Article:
Saturday, January 23, 2010

Pro-rally, not prorogue

I went to the rally today. It was amazing, through and through. They're claiming we were about 3,000 in number. It had to have been more than that. As far as the eye could see, there were protesters, signs, banners. At the time I felt like I was amidst 10,000 people. It was that crowded and full on. There were likely about 5,000, maybe 6,000.

It was really empowering. To be so pissed off about Harper and to finally have an outlet with like-minded people was a relief.

And of course people who are pro-Harper no matter what, or who are apathetic to our government, or whatever have had a number of seemingly repetitive retorts:

1. Parliament has been prorogued over a hundred times before. The Liberals have done it. What's the big deal this time?

Well, when a minority government PM closes down the house of commons to avoid a vote of confidence he's afraid of losing, he's sidestepping democracy. If your party does not have the majority of seats in the house when you are PM, that means your party has to co-operate with the opposition who are in a position to remove you if you are too partisan. Because, remember, everyone else's elected MPs get a vote too, not just your own party.

When a government prorogues parliament to avoid answering for a scandal, such as Afghan detainee torture, they are avoiding accountability to the house of commons, which is a representation of the Canadian people.

Also, when you prorogue while there are still over 30 bills on the table and those bills are wiped clean and must be brought up anew in a new session, that wastes time and... tax payer's money. Who are the tax payers? Us. We are.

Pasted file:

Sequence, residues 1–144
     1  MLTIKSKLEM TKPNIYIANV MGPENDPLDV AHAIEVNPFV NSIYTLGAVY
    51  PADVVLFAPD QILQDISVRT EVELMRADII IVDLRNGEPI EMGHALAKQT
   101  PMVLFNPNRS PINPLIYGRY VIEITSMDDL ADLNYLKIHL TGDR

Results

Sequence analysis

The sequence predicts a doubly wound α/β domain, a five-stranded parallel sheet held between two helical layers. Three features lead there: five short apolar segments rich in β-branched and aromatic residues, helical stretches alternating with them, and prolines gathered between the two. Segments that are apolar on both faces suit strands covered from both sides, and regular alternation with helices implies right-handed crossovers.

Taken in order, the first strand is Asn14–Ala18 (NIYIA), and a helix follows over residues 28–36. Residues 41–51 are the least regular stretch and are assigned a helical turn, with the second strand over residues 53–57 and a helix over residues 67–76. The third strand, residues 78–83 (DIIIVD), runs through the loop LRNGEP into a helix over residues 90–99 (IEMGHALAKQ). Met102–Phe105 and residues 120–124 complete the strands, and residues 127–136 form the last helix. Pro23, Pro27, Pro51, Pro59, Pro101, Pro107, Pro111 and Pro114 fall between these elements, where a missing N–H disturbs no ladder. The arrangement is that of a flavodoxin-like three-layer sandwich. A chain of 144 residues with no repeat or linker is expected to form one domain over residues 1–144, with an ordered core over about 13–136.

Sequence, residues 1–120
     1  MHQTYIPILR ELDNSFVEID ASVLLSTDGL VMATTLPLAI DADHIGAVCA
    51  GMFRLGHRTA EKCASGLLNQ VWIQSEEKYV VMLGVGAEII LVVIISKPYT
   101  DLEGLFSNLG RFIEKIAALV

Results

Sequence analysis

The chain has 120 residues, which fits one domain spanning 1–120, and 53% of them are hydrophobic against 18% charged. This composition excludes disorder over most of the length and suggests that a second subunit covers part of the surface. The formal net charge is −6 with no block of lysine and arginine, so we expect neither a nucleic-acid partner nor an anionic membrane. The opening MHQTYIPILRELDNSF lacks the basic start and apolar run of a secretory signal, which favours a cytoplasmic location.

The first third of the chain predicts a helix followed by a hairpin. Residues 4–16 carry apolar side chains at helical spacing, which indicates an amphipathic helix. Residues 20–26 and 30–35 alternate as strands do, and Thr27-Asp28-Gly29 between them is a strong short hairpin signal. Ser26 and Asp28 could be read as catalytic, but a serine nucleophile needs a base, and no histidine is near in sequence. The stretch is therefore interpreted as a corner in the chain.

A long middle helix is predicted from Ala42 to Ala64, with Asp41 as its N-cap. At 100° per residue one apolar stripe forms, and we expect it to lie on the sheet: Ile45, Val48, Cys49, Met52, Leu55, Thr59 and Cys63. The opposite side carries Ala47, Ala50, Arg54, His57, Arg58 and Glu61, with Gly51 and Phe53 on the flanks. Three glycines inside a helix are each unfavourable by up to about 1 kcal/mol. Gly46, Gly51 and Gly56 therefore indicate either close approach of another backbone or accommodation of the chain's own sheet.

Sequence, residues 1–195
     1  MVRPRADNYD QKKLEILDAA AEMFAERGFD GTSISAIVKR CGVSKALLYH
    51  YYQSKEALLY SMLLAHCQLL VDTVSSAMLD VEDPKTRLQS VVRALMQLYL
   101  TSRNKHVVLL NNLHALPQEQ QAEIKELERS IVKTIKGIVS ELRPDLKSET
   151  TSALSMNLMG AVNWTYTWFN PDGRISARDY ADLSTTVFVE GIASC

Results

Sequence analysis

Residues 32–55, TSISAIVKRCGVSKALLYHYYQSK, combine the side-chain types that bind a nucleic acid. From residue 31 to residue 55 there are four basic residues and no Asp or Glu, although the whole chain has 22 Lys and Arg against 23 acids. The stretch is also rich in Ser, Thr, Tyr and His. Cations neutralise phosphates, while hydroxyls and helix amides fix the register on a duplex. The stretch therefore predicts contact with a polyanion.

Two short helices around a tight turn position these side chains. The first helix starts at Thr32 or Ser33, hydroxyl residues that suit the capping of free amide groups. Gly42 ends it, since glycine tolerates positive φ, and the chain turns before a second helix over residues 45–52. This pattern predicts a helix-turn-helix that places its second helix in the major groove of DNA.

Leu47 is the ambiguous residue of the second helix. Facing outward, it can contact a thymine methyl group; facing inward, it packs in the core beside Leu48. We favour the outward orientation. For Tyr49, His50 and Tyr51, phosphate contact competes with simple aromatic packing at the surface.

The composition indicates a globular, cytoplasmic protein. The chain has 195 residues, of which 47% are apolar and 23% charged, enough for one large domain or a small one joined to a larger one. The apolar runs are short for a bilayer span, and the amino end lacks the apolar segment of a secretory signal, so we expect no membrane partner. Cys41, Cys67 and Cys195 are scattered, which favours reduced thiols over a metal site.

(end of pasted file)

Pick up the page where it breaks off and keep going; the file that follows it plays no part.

So it's a pretty effing big deal, yes.

2. It's legal. It's standard procedure.

There is nothing standard about avoiding confidence votes, avoiding being held in contempt of parliament, or letting 30-some bills die. Proroguing is reasonable if business has essentially concluded, not if there are still pressing public matters at hand to resolve. They're paid to conduct public business, and business wasn't done yet. Canada does not have a history of prorogation being used to escape the pitfalls of democracy, the pitfalls being having your power revoked if the majority think you suck.

3. Haiti is more important right now. What are you complaining about?

This is a rather new one I've heard, but it bears bringing up for comment. It is possible, of course, to care about more than one thing at a time. I donated money to Haiti. I also went to the rally. See? Easy. And just because our country is in far better shape than one of the poorest and devastated in the world does not mean we should accept whatever we're given from our government.

Food in our stomachs, roofs over our head, clean water to drink and clothes to keep us warm means we don't need to worry about our survival. It also means we're in a position to aid a country who needs us badly. But it doesn't mean our own country's issues suddenly don't matter. They do.

It's like telling a person that being worried about losing his job is stupid because his neighbours all died in a terrible fire. Terrible tragedies deserve attention, and we must respond to the need. But concerns close to home don't go away just because there's something more traumatic occurring elsewhere. Intelligent people can concern themselves with more than one matter at a time. The brain is complex like that.

End rant. For now.

Tomorrow I make quiche.


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